• Wayne, this is Claudia. The fact is: I have had zero communication from anyone at the Gates Foundation about what to cover in the Education Lab series or how to do so. During the life of this project, we have run literally hundreds of blog posts. To single out two — one of which discusses a potential candidate for state superintendent — strikes me as rather selective. But hey, thanks for reading.

      • Claudia,
        I’ve read multiple blog posts from the lab, not just those two. And I’m not saying you all “only” report on things like those two blog posts I singled out. I see a wide range ( in terms of individual topics) reported in the blog. None of that is my point. And I absolutely believe you that you’ve had zero communication from Gates. I’ve never asserted otherwise and have no reason to doubt you individually.

        What is striking to me is the thin political range of the Ed Lab. I see mainly “safe” stories about mainstream stuff almost no one would would question, and then I see stories like the two PR pieces about TU. A lot of this has to do with what you and the Times count or value as “what works” or as a “solution.” Why focus on TU as something that “works”/is a “solution”? It isn’t clear to me at all that they are doing anything that is “working” in education to solve much of anhyting, and if your point is to highlight the potential and power of teachers doing political work – like you did in your TU pieces – then why don’t you look towards other teachers and teacher organizations that are doing political work? Why not look at WA Bad Assed Teachers (WABATS), who do a ton of on the ground work in Olympia, in their respective union locals, in the state union, in the national union, in their communities, and in their schools? And they are all volunteer.

        Or I might suggest Social Equality Educators, the progressive caucus within the Seattle Education Association, who are doing much more effective work organizing and shifting the SEA than anything TU has done (ever).

        You should also check out the Northwest Teaching for Social Justice Conference. We’re on our 6th or 7th year at this point, and we pull in around 800 educators from around the region, sharing curriculum and discussing the politics of education.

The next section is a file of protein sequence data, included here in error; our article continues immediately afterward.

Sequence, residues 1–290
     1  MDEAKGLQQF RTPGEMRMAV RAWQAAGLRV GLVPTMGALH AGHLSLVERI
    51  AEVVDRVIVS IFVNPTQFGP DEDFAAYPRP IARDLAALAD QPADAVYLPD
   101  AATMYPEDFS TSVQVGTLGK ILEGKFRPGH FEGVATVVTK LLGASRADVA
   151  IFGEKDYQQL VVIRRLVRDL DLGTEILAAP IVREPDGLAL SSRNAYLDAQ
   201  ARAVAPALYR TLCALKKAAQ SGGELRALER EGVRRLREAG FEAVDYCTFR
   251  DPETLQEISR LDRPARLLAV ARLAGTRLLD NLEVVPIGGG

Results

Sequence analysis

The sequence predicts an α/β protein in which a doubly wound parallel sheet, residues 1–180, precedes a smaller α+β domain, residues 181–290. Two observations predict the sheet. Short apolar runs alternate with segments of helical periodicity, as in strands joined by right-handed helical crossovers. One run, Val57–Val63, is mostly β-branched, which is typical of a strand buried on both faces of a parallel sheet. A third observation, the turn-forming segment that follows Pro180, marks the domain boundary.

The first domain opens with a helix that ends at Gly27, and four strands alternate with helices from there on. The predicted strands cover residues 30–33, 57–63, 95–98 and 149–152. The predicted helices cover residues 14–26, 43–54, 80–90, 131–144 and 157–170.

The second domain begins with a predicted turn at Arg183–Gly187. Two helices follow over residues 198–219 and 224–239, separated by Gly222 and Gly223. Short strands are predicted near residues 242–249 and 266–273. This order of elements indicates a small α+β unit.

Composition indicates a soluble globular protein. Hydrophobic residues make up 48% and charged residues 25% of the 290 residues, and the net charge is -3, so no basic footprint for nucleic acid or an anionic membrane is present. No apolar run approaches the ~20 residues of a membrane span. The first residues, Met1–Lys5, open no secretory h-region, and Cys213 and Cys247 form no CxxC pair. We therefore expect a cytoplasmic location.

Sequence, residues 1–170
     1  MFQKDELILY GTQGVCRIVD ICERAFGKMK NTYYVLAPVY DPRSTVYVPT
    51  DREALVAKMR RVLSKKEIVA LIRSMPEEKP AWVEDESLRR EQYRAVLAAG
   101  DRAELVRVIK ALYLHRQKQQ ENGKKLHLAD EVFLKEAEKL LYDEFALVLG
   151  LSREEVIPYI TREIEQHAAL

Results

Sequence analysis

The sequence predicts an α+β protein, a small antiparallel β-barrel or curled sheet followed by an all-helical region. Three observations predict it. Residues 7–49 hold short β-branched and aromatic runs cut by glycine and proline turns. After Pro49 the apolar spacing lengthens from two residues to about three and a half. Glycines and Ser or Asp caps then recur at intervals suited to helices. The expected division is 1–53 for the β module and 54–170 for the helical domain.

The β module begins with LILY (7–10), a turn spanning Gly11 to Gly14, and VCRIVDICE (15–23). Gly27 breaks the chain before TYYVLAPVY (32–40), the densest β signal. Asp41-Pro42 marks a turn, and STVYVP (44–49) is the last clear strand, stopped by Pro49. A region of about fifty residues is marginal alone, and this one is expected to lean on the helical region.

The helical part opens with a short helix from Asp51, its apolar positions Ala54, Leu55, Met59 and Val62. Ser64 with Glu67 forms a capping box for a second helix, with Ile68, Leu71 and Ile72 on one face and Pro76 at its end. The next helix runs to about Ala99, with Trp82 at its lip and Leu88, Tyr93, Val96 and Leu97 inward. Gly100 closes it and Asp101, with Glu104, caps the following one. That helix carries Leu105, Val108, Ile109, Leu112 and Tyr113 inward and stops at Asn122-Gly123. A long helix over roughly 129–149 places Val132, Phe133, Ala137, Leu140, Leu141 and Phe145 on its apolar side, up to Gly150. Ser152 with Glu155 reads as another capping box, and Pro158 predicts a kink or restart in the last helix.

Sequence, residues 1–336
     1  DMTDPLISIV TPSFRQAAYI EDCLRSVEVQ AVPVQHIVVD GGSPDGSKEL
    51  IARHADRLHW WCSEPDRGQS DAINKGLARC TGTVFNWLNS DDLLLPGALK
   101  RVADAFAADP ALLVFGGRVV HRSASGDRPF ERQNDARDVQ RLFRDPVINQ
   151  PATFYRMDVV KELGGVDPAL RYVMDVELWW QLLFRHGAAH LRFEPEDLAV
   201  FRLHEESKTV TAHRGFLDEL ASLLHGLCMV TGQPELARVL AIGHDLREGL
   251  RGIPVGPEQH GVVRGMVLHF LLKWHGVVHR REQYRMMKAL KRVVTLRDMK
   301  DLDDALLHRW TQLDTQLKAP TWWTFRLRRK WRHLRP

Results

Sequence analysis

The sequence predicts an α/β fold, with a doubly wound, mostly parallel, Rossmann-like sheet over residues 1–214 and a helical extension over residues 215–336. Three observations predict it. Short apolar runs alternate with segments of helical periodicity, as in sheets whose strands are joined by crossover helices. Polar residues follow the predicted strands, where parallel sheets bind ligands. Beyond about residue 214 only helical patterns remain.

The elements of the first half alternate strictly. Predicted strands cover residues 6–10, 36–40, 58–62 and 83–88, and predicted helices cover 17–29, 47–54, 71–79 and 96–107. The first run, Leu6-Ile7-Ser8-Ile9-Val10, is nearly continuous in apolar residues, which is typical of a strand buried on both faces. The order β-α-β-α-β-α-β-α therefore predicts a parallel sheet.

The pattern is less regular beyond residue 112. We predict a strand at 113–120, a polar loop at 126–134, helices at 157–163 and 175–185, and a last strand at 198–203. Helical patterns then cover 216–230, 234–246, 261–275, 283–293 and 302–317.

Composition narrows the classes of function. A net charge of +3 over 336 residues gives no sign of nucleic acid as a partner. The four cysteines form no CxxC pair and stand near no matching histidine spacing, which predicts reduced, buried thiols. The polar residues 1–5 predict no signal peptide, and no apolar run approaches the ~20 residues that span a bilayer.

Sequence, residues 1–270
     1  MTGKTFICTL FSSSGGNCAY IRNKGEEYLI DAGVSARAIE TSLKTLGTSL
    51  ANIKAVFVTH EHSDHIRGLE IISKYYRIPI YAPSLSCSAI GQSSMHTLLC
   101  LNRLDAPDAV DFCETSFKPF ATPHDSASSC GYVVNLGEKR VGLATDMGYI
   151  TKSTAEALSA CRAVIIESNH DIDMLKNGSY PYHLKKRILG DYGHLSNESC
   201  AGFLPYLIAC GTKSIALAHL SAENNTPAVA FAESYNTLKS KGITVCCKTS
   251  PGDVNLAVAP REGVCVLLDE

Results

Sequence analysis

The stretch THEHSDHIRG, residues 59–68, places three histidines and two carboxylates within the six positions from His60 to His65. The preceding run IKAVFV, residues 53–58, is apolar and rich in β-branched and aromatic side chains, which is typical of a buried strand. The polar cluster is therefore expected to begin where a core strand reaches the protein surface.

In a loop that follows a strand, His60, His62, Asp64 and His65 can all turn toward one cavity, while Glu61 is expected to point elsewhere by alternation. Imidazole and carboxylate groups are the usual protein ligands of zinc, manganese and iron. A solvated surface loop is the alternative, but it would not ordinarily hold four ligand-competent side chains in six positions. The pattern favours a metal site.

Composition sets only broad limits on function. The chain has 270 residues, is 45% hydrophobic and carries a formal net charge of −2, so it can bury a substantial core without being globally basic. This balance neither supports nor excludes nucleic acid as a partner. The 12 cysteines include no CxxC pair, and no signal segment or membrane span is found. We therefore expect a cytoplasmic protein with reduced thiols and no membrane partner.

I would define test resistance and parent activism as a solution. Or ethnic studies. Or social justice curriculum. Maybe something on Greenberg’s reinstatement and the work on white privilege he was doing at Center School…

        And if you want something safer, at least highlight Proyecto Saber at Seatlh.

        To me, all of these groups/programs are examples of solutions/what works. And all of them push back against the assumptive norms of what guides Gates’ definition of solutions/what works, and these things generally don’t appear in anything supported by the Times, save for the once-a-year progressive education op-ed that they allow (and I mean this literally, once-a-year).

        But I’m really glad you responded here (and I’m being sincere here, not snarky), because I think it is important that you get a sense from us media outsiders of how much the context of The Seattle Times concretely shapes how we make sense of your writing. The Times has its own political agenda when it comes to education, and they’ve made this crystal clear through not only their editorials, but also op-ed pages. Even their straight ahead news stories about education are selective and fall within a particular range of politics.